Local Politics

Bonus plan for banking officials draws fire

Posted May 27, 2009 6:17 p.m. EDT
Updated May 29, 2009 6:10 p.m. EDT

— State lawmakers on Wednesday criticized a program in the state Office of the Commissioner of Banks that pays workers annual bonuses equal to 5 to 10 percent of their salaries.

Seventy-two of 90 workers in the office received bonuses last summer totaling $478,081 – 13 managers were ineligible for bonuses – and the office has another $200,000 in its budget for the 2009-10 fiscal year for bonuses.

"I think we were a bit appalled and caught off guard because we weren't expecting to see any performance bonuses in this economy," said Rep. Pricey Harrison, D-Guilford.

Although the Commissioner of Banks is funded by assessments from the state-chartered banks, mortgage companies and other financial institutions the office regulates, lawmakers still have oversight of its operations as part of the overall state budget.

"Right now, we're cutting everyone's salaries, and there's just no room for performance bonuses," said Harrison, who proposed legislation to do away with the bonus program.

Gov. Beverly Perdue last month ordered a 0.5 percent pay cut for state workers to help balance the 2008-09 budget, and lawmakers are weighing deep cuts to all state agencies to erase a growing deficit in the fiscal year that starts in July.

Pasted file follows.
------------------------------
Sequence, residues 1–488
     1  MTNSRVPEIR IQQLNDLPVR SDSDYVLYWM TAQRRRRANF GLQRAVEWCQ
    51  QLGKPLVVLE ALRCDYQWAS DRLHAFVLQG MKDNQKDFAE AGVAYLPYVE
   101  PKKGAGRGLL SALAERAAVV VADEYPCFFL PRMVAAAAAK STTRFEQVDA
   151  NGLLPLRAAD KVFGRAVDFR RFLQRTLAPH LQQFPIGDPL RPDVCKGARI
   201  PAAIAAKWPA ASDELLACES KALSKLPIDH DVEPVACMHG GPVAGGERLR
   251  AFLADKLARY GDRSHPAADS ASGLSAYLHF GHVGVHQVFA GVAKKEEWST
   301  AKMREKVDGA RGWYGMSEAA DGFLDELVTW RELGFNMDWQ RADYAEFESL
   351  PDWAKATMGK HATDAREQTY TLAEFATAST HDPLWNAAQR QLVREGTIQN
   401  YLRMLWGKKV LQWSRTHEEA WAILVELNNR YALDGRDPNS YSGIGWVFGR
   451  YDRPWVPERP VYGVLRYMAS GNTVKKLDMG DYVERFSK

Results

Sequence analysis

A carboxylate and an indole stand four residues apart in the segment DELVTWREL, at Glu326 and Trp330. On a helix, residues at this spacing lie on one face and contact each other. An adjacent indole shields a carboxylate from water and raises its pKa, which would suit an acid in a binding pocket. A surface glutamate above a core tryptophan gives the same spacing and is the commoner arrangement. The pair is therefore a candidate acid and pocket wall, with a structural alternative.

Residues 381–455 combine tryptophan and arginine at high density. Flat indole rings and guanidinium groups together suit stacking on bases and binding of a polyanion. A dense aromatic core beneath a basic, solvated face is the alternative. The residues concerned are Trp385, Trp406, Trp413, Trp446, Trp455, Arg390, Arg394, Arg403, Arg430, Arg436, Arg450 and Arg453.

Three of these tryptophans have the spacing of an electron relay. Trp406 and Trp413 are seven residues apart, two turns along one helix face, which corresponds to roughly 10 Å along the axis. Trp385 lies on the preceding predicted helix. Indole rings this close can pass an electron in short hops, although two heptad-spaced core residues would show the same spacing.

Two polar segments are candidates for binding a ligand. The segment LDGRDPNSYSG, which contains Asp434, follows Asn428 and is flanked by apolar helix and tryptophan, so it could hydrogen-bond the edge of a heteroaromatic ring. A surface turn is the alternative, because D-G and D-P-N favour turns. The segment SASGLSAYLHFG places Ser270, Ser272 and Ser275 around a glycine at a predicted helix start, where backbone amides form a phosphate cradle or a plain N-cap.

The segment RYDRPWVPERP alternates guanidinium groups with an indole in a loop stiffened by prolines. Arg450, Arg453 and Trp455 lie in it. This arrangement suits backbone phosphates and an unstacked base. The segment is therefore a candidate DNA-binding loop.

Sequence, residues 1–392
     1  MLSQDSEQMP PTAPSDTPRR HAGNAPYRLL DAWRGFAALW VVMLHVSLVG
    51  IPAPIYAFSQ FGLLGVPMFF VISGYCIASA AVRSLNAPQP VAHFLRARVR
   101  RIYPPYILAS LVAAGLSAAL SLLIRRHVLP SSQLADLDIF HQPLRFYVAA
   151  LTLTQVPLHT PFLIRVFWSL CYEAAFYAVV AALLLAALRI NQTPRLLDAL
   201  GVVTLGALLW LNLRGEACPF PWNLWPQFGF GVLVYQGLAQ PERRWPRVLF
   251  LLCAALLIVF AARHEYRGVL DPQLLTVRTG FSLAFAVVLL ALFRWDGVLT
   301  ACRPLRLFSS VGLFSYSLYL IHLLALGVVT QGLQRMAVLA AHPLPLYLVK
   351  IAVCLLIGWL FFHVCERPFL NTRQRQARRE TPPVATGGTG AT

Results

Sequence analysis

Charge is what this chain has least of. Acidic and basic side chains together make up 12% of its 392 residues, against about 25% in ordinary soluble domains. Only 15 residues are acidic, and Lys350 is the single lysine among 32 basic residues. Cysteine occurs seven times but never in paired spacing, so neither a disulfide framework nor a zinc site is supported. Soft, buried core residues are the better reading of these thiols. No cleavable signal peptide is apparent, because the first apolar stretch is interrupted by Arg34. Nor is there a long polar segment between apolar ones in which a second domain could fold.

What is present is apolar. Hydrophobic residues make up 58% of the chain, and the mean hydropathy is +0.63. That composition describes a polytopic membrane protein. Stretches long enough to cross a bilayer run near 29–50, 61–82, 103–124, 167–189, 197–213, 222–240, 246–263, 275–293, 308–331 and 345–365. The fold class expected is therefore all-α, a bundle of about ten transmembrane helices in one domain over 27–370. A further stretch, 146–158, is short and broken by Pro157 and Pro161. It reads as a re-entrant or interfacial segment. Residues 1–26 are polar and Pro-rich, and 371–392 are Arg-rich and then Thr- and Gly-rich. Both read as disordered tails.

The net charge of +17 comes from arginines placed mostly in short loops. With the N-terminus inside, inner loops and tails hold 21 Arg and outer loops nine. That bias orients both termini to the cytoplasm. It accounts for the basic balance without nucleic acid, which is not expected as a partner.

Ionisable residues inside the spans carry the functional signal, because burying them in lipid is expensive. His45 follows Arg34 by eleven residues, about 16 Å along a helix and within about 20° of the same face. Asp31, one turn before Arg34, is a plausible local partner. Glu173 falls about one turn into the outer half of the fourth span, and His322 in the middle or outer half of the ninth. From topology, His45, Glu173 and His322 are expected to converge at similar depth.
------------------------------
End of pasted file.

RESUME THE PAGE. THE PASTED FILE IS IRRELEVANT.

Commissioner of Banks Joe Smith said his employees received the state-mandated pay cut, but he said he hopes the bonus system will remain in place.

"We were trying to do the right thing. We're trying to make state government better," Smith said.

Lawmakers approved the bonus system in 2005 to help the office attract and retain top-flight talent.

"We weren't doing it with taxpayer money, and we've done it under supervision," Smith said.

The bonuses amount to about 4 percent of the office's $12.5 million annual budget, officials said.

Still, Harrison said, doling out bonuses in a tight budget cycle doesn't send the right message to the public.

"It just was not a Kosher mood, and we felt like they ought to be treated like everyone else," she said.

The state Department of Insurance and the North Carolina Education Lottery also receive no funding from the state budget, and DOI officials have argued unsuccessfully that they should be exempt from state cuts. Lottery officials have said they would do what the state asked.

"I hope, really frankly, that one day, when we work our way out of this current situation, we can work toward the same kind of benefits for every state employee, not just for us," Smith said.